A Dixons data breach has led to the company being fined £500,000 by the ICO. At least 14 million people were affected after malware was installed on computer systems, allowing hackers to steal customers’ personal data.
The malware was installed on “point of sale” tills at stores for Currys, PC World, and Dixons travel. In addition to names, email addresses, and postcodes, the hackers also gained access to 5.6 million card details.
According to The Guardian:
Steve Eckersley, the ICO’s director of investigations, said the ICO had found “systemic failures” in the way Dixons Carphone looked after its customer data. “Such careless loss of data is likely to have caused distress to many people since the data breach left them exposed to increased risk of fraud,” he said.
This demonstrates the importance of cybersecurity in today’s digital age. Dixons has made basic errors in its approach – despite the area of business it is in – and is now paying the price.
However, the fine could have been much greater. This Dixons data breach took place between July 2017 and April 2018, just before GDPR came into force. As a result, Dixons has been fined the maximum amount for a breach of the Data Protection Act 1998 instead, for which the penalties are much less severe.
For comparison, British Airways was fined £183 million for a data breach last year. Dixons has been fortunate in this case – although the same cannot be said for their customers. The Guardian goes on:
Eckersley said: “The contraventions in this case were so serious that we imposed the maximum penalty under the previous legislation, but the fine would inevitably have been much higher under the GDPR.”
Alex Baldock, the group chief executive of Dixons Carphone, said the company disputed some of the ICO’s findings and was considering its grounds for appeal. The company had, he said, made significant investment in its information security systems and processes. There was “no confirmed evidence of any customers suffering fraud or financial loss as a result”, he added.
“We are very sorry for any inconvenience this historic incident caused to our customers,” said Baldock. “When we found the unauthorised access to data, we promptly launched an investigation, added extra security measures and contained the incident. We duly notified regulators and the police and communicated with all our customers.”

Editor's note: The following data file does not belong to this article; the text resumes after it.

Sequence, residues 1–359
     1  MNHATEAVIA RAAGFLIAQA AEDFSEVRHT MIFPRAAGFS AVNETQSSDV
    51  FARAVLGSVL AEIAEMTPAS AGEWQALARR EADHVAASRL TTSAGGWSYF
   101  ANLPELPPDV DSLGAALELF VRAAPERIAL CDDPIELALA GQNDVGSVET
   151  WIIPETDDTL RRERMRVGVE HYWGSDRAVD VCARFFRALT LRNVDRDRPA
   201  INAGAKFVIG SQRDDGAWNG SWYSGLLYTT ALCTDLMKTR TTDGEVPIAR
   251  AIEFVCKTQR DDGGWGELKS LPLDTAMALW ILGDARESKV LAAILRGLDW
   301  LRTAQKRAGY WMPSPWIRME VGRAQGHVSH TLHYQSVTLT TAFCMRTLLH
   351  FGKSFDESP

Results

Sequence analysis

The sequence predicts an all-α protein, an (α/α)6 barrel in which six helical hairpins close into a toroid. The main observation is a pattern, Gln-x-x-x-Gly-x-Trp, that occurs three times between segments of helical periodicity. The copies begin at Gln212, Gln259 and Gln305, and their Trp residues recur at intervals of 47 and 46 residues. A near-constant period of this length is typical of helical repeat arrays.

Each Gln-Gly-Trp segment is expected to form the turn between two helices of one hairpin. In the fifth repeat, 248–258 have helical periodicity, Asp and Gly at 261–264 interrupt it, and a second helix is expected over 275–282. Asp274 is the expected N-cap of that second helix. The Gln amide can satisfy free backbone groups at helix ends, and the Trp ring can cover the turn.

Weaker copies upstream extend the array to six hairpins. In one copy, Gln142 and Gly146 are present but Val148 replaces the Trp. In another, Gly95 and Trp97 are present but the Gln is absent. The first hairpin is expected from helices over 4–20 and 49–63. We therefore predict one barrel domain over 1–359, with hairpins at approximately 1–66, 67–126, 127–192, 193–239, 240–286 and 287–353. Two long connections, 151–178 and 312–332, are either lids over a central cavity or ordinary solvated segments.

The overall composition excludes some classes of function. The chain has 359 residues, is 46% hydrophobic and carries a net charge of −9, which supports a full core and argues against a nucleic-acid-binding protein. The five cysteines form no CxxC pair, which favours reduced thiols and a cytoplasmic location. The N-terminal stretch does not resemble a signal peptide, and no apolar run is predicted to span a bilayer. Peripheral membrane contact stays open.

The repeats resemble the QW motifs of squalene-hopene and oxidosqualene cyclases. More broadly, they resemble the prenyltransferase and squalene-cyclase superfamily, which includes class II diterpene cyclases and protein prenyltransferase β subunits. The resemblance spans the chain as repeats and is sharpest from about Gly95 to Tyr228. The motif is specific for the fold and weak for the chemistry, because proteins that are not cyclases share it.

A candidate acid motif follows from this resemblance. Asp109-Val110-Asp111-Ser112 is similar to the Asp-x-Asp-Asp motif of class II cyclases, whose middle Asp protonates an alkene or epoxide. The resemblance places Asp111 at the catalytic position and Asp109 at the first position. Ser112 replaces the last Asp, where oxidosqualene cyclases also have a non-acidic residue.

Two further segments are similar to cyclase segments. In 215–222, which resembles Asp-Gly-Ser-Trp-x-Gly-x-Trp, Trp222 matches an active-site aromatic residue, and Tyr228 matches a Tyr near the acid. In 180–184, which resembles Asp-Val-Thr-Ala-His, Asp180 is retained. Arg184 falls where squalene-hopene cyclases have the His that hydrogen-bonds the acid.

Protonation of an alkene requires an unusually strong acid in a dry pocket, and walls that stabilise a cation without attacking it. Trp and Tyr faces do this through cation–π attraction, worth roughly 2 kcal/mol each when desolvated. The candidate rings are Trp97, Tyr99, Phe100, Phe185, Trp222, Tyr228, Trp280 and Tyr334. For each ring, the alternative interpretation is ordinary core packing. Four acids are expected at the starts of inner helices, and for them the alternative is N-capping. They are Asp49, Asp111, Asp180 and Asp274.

Click here to read The Guardian’s article in full.
Dixons has, at least, responded to the data breach in the proper way by notifying the ICO and doing what they could to limit the damage. Their cybersecurity failings, however, were considerable, and will hopefully be learned from.
Our GDPR consultants are here to help if you have concerns about your own data protection programme. Get in touch with us today to find out what we can do for you!
A new survey of EU firms by RSM has discovered that 30% admitted that they fail GDPR compliance – and that a further 13% were not certain whether they are compliant or not. This leaves only 57% confident in their data protection processes.
This is worrying news given that it has been over a year since GDPR came into force. All of these organisations should have been prepared in advance, and ensured that they were compliant before 25th May 2018.
But because they fail GDPR compliance, they are putting themselves at risk.
As reported by Silicon:
It seems that there is no single issue to blame for non-compliance, but middle market businesses are apparently struggling to understand and implement a whole range of areas covered by the regulation.
The survey found that more than a third (38 percent) of non-compliant businesses do not understand when consent is required to hold and process data, 35 percent are unsure how they should monitor their employees’ use of personal data and 34 percent don’t understand what procedures are required to ensure third party supplier contracts are compliant.
The good news however is that despite the lack of compliance, GDPR is starting to have a positive impact on cyber security.
According to RSM, almost three quarters (73 percent) of European businesses say GDPR has encouraged them to improve the way they manage customer data and 62 percent say it has seen them increase their investment in cyber security. But alarmingly 21 percent of businesses admit that they still have no cyber security strategy in place.